Only six gypsy moths detected statewide this year
By Oregon Department of Agriculture,
For the fifth time this decade, the number of gypsy moths annually trapped in Oregon is in single digits. Despite placing approximately 12,000 traps statewide, the Oregon Department of Agriculture recorded only six detections of gypsy moth, following last year’s total of 12 detections. “It has been a very quiet summer for gypsy moths, which is very positive,” says Helmuth Rogg, supervisor of ODA’s Insect Pest Prevention and Management Program. “At this point, we are not making any plans for an eradication program next spring. That doesn’t happen very often. We’re very pleased with the results. ”
In 2002 and 2006, ODA was able to take a break from spraying for gypsy moth. Previously, it was back in 1990 the last time ODA had not conducted a gypsy moth eradication project.
By finding gypsy moths as soon as possible and quickly eliminating breeding populations, ODA has successfully prevented economic and environmental losses to Oregon, either by restrictive quarantines on commodities or by the loss of foliage and even trees due to expanding gypsy moth populations. Results in recent years are a far cry from 25 years ago, when some 19,000 gypsy moths were trapped in Lane County alone.
Despite very few detections this summer, gypsy moth remains a constant threat to Oregon. ODA will continue its vigilant trapping program in 2010.
“All the detections of gypsy moth this year were at new sites,” says Rogg. “That tells me that the threat of gypsy moth coming west- usually on outdoor household articles or vehicles from infested areas back east- is still there.”
ODA survey technicians began placing gypsy moth traps throughout the state in May and removed them in late summer and early fall. It is that stretch of time when the gypsy moth is in the adult stage. Traps lure male gypsy moths with a female sex pheromone and the attracted insects get caught by the sticky substance found inside the tent-like cardboard traps.
This year’s six detections took place in Portland in Multnomah County (three moths), Aurora in Clackamas County (two moths), and Clackamas in Clackamas County (one moth).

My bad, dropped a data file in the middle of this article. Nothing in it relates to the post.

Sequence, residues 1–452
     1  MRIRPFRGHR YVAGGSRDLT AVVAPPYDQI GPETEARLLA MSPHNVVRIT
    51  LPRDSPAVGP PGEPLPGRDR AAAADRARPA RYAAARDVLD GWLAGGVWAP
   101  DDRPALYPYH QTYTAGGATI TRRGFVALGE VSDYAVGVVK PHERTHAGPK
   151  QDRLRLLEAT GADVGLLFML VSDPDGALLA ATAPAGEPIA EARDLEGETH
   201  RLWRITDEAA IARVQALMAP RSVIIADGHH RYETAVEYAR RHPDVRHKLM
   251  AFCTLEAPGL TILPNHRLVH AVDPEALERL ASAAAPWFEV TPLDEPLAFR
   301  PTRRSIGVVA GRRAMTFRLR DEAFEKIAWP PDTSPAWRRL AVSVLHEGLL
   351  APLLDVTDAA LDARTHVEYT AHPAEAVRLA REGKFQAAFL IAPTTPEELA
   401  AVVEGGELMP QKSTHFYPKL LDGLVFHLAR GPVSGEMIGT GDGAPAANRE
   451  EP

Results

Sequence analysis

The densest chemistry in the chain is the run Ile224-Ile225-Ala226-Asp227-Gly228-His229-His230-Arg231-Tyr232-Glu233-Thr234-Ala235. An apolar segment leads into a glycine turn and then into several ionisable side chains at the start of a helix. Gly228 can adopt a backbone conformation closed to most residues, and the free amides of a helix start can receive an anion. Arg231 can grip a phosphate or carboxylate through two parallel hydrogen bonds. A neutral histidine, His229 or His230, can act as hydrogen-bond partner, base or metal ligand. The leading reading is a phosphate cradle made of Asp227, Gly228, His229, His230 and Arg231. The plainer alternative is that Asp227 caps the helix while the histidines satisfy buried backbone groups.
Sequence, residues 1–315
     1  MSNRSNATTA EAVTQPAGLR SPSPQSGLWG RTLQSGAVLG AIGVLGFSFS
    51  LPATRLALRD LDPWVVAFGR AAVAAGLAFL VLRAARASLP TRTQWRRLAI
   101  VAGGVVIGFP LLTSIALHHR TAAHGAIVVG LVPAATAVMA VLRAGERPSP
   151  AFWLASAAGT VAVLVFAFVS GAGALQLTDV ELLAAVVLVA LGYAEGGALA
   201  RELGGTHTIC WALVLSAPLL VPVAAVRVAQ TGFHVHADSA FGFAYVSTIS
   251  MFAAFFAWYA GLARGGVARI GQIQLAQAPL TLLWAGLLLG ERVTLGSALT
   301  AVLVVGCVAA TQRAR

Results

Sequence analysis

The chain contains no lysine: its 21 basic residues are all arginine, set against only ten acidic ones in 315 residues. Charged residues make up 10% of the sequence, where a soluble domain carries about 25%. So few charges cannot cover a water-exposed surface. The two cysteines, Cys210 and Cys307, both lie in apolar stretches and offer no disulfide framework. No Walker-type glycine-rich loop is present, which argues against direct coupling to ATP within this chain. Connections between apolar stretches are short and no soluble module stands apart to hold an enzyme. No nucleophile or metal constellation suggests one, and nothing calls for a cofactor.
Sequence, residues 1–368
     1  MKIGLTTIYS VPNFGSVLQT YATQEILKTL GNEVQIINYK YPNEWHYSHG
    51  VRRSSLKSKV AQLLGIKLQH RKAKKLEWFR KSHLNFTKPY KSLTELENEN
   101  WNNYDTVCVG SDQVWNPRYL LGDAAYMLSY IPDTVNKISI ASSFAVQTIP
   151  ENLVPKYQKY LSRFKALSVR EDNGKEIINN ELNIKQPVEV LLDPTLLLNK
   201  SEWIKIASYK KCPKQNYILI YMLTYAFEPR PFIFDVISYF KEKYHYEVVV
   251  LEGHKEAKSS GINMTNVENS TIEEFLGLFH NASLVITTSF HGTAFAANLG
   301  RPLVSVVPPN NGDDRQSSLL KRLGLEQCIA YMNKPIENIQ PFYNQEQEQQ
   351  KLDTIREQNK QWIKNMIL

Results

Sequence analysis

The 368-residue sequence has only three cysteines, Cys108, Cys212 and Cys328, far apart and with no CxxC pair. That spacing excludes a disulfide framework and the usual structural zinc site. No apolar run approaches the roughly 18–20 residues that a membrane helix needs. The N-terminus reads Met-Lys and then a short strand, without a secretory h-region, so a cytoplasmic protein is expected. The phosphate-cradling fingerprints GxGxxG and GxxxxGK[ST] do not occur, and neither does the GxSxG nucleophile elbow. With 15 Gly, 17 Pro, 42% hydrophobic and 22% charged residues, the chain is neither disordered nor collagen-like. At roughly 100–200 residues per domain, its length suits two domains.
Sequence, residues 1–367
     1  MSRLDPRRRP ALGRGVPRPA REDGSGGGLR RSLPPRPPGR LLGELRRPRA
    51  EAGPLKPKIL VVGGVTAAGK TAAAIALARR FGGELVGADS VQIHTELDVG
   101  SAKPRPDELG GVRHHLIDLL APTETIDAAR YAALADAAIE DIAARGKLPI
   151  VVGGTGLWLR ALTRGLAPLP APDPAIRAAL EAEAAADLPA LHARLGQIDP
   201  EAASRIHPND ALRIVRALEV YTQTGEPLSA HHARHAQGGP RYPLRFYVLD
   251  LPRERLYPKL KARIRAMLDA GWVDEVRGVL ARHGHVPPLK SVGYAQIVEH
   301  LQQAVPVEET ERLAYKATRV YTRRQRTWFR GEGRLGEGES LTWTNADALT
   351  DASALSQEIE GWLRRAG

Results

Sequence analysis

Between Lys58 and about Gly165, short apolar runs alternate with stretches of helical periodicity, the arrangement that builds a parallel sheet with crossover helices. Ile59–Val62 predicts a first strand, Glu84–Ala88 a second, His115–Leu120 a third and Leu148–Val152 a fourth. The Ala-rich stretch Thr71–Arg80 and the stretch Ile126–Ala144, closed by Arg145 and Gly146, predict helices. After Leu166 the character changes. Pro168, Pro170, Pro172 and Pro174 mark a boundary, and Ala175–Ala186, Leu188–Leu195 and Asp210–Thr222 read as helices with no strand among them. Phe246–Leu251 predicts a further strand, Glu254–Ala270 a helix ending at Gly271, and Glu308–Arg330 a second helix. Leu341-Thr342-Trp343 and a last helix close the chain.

Of the three gypsy moths trapped in Portland, two were detected in an RV park at Jantzen Beach not far from a commercial shopping center. Recreational vehicles are a known pathway by which gypsy moths can hitchhike to Oregon from infested states, usually as an egg mass attached to the recreational vehicle. Due to this risk, RV parks, campgrounds, and rest areas statewide are trapped each year. The third gypsy moth in Portland was found in an industrial area near the Columbia River.
The two detections in Aurora occurred separately about five miles apart. The single detection in Clackamas took place not far from Interstate 205.
While additional traps were placed in areas of detection, there has not been enough evidence to suggest a breeding population of gypsy moth exists at any of the sites. Additional searches for egg masses and other evidence of established gypsy moth populations routinely take place. But it appears there is no need at this time to make plans for an eradication project next spring. The six detection sites will be watched closely next year when new traps are placed.
Perhaps the best news of all is that there were no detections of gypsy moth in southeast Eugene- the site of this year’s lone eradication project- after seven moths were trapped in 2008. Also, no detections were made for the second straight year in Shady Cove, the site of a 2008 eradication project. Two consecutive years of no detections in that area means the previous gypsy moth population has been officially eradicated.
“We did not find anything in Eugene, so that means the gypsy moth has been successfully eradicated for this year,” says Rogg. “We will have another high density of traps in the area next year just to confirm that the small pocket of gypsy moths is gone.”
There is no way to predict what might happen in the future. As the general infestation of gypsy moth nationwide has moved from the east coast to the Midwest states, the threat of further spread towards the west coast increases. However, like many insect pests, the gypsy moth population back east is cyclical.
“We can see that the general population of gypsy moths is down in the infested areas of the eastern United States,” says Rogg. “Another factor may be that fewer people are traveling to Oregon from back east because of the economy. Fewer people are coming our way with the potential of carrying gypsy moth egg masses attached to their vehicles.”
So far, Oregon has been able to avoid the unsavory prospect of having to learn to live with the gypsy moth. That’s why the just-completed detection program will continue to be an important tool in fighting off an unwanted invader.
“The fact that we had a small number of detections this year shows that we have a very good program that finds gypsy moth populations while they are small and treatable,” says Rogg. “We have a good track record of eradicating small pockets of gypsy moth in Oregon as soon as we detect them. Without a good trapping program, that would not be possible.”
The Oregon Department of Agriculture’s comprehensive program of early detection and rapid response to the gypsy moth threat appears to be working well in its mission to protect the state’s natural environment and economy from the impact of an invasive species.
For more information, contact Bruce Pokarney at (503) 986-4559.
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